WASHINGTON — Republican Sen. Tommy Tuberville asserted that Democrats support reparations for the descendants of enslaved people because “they think the people that do the crime are owed that.”
The first-term Alabama Republican spoke at a Saturday evening rally in Nevada featuring former President Donald Trump, a political ally. His comments were part of a broader critique in the final weeks before the Nov. 8 election, when control of Congress is at stake, about how Democrats have responded to rising crime rates. But Tuberville’s remarks about reparations played into racist stereotypes about Black people committing crimes.
“They’re not soft on crime,” Tuberville said of Democrats. “They’re pro-crime. They want crime. They want crime because they want to take over what you got. They want to control what you have. They want reparation because they think the people that do the crime are owed that.”
He ended his appearance with a profanity as the crowd cheered.
Tuberville is falsely suggesting that Democrats promote crime and that only Blacks are the perpetrators. In fact, crime has slowed in the last year and most crimes are committed by whites, according to FBI data.
The Democratic Party has not taken a stance on reparations for Black Americans to compensate for years of unpaid slave labor by their ancestors, though some leading Democrats, including President Joe Biden, back the creation of a national commission to study the issue.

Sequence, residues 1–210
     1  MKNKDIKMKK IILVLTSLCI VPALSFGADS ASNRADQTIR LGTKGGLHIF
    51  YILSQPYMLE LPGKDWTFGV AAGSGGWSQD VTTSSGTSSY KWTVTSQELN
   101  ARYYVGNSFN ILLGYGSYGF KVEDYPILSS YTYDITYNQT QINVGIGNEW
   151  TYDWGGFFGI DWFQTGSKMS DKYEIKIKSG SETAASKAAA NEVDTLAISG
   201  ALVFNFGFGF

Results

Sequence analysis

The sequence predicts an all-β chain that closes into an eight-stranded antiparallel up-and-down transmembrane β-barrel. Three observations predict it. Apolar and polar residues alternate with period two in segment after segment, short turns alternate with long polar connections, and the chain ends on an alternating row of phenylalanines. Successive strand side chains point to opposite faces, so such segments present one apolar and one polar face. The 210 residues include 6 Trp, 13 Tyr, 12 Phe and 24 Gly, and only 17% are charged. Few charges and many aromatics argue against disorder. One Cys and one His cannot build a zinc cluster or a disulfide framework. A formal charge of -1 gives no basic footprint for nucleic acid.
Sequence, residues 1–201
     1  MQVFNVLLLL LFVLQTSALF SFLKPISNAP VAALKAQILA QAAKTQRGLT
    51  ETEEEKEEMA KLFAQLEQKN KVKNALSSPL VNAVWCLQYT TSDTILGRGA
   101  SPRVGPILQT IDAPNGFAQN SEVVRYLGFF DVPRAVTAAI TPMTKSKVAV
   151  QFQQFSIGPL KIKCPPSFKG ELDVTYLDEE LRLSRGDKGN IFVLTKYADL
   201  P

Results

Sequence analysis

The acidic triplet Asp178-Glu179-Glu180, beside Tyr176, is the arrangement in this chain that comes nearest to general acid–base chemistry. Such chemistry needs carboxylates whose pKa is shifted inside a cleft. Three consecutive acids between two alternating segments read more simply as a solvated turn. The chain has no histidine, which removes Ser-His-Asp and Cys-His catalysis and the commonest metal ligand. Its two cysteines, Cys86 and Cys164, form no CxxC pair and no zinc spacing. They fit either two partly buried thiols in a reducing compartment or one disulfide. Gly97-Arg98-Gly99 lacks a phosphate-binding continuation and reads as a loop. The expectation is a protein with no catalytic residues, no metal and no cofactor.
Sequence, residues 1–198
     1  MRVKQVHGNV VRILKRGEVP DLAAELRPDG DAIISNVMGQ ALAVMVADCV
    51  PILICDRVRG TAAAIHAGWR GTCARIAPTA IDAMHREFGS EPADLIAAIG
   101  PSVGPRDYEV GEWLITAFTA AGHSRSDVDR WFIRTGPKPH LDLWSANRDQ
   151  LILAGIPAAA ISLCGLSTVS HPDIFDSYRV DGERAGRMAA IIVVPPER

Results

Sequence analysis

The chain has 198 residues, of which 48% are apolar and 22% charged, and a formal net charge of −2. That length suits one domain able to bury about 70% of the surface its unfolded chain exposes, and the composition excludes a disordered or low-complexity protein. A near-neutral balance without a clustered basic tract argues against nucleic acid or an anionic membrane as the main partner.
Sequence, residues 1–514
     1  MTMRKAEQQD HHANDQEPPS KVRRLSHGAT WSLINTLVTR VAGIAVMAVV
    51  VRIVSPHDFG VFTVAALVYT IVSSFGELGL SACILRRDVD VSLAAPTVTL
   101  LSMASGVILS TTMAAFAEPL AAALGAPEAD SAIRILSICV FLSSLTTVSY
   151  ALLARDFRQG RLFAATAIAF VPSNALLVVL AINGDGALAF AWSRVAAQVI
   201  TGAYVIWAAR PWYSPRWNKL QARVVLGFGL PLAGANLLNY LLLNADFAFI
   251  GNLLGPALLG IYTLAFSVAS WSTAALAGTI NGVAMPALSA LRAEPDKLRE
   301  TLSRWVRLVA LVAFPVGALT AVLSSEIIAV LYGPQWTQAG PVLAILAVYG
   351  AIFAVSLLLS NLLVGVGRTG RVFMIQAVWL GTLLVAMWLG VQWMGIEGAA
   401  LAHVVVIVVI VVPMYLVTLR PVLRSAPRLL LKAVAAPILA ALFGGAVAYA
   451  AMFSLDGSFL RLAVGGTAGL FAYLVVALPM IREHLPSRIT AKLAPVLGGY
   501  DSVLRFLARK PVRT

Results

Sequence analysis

Some Republicans on Sunday struggled to defend Tuberville’s comments.
Rep. Don Bacon, R-Neb., said he “wouldn’t say it the same way,” describing the remarks as impolite.
“That’s not the way I present things,” Bacon said on “Meet the Press” on NBC. “But got to be honest that we have a crime problem in our country.”
There was no immediate response from Tuberville’s office on Sunday to a request for comment.
Republicans have been trying to close out this election year with an emphasis on crime, using rhetoric that has sometimes been alarmist or of questionable veracity, similar to Trump’s late-stage argumen t during the 2020 campaign that Democratic-led cities were out of control.
FBI data released last week showed violent and property crime generally remained consistent between 2020 and 2021, with a slight decrease in the overall violent crime rate and a 4.3% rise in the murder rate. That’s an improvement over 2020, when the murder rate in the U.S. jumped 29%.
The report presents an incomplete picture, in part because it doesn’t include some of the nation’s largest police departments.
More broadly, rates of violent crime and killings have increased around the U.S. since the pandemic, in some places spiking after hitting historic lows. Nonviolent crime decreased during the pandemic, but the murder rate grew nearly 30% in 2020, rising in cities and rural areas alike, according to an analysis of crime data by The Brennan Center for Justice. The rate of assaults went up 10%, the analysis found.
The rise defies easy explanation. Experts have pointed to a number of potential causes, from worries about the economy and historically high inflation rates to intense stress during the pandemic that has killed more than 1 million people in the United States.